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Small lymphocytic lymphoma (SLL)

Small lymphocytic lymphoma is a form of indolent (slow-growing) non-Hodgkin lymphoma (NHL).

It is a malignant condition (cancer) affecting a type of white blood cells called lymphocytes. Small lymphocytic lymphoma and chronic lymphocytic leukaemia (CLL) are different forms of the same disease. They are treated in the same way and have a similar outlook.

There are several different types of lymphocyte – SLL affects a type known as B cells, which normally produce antibodies to fight infection. Unlike leukaemia, in lymphoma, the cancer cells are found in organs and tissues of the lymphatic system. The lymphatic system is a network of fine vessels, glands and channels which occur throughout the body. It also conveys nutrients and cells, and is responsible for draining fluid and waste products away from tissues, and into the blood stream to be processed. The lymphatic system is an important part of the immune system and is made up of lymph nodes and vessels and of collections of lymphocytes in other tissues.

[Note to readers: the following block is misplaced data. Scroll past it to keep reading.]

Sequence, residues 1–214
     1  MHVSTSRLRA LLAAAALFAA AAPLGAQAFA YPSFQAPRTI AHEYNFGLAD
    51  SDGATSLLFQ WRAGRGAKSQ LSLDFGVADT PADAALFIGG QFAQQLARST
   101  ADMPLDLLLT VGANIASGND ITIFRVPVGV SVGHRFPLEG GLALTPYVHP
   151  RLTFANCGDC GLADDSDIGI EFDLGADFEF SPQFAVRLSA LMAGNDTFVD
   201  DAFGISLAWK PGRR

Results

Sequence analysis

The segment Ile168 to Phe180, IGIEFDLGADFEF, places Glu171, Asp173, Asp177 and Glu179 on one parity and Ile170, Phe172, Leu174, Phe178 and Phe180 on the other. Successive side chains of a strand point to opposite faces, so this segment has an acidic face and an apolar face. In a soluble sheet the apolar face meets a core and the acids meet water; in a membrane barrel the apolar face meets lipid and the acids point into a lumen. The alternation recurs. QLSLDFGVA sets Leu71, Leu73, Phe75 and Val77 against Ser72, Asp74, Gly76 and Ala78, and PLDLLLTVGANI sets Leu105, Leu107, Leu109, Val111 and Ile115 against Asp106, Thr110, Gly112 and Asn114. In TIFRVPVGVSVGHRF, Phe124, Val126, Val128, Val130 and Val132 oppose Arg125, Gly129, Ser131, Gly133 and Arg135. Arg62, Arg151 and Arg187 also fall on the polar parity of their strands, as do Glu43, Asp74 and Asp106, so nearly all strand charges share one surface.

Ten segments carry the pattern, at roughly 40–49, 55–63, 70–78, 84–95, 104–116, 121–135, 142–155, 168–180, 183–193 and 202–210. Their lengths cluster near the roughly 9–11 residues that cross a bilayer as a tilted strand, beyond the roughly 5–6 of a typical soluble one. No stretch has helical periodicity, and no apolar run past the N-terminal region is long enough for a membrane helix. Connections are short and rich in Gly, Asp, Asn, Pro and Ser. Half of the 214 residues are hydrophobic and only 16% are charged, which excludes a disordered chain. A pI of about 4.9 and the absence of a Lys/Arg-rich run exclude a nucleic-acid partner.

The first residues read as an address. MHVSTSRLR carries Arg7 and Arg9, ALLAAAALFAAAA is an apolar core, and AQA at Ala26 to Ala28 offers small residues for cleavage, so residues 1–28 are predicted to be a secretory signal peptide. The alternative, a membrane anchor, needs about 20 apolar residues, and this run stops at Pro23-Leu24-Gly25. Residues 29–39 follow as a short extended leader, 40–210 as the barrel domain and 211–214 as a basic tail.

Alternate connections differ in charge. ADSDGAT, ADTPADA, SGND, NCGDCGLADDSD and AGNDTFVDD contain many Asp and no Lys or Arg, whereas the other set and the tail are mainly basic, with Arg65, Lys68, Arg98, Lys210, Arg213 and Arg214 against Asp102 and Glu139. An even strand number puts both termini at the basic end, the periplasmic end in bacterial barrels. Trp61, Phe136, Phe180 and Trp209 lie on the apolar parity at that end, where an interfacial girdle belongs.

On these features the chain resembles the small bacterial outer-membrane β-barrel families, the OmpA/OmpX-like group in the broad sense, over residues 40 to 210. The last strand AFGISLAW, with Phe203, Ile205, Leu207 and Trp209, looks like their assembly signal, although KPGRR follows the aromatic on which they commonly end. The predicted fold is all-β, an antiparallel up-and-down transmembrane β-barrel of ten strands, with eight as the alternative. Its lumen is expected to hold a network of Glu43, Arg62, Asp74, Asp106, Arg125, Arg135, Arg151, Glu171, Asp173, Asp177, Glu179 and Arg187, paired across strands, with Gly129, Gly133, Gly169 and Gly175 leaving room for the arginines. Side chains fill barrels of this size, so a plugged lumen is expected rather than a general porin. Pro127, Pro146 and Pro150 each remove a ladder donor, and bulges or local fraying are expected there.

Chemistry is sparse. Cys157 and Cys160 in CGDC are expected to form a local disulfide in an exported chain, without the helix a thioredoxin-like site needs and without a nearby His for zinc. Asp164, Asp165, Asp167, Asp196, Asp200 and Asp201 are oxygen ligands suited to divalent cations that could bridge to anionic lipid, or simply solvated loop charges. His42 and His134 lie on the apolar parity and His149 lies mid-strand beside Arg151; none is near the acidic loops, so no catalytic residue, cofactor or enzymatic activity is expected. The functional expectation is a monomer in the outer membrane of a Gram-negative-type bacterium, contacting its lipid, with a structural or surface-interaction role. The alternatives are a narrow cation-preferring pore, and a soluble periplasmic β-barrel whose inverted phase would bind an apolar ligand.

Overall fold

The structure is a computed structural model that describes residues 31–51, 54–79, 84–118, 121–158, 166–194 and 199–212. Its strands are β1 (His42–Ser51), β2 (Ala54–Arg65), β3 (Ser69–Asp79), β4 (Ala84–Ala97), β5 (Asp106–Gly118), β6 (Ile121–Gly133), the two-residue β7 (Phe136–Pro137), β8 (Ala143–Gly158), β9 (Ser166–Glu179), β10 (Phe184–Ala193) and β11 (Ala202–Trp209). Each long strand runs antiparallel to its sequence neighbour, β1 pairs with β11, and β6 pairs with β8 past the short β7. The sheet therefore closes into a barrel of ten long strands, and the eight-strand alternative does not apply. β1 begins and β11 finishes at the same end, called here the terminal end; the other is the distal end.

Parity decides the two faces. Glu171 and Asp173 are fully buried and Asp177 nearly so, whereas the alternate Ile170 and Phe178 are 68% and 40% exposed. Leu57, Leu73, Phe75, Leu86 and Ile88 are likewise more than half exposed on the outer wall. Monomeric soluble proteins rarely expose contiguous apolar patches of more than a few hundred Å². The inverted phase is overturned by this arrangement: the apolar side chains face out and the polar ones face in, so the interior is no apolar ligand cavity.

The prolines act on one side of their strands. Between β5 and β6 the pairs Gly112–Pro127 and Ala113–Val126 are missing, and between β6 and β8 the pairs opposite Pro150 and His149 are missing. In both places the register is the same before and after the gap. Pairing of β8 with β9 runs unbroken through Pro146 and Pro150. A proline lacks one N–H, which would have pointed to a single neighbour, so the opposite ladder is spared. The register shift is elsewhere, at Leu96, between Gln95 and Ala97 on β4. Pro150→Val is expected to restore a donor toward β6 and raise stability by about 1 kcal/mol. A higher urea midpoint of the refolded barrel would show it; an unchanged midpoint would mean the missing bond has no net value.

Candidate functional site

Small lymphocytic lymphoma is a low-grade form of NHL, this means that it develops slowly and, even if not treated, it grows slowly. Small lymphocytic describes the appearance of the affected lymphocytes under the microscope.

  • Published: Mar 2017
  • Next planned review: Mar 2019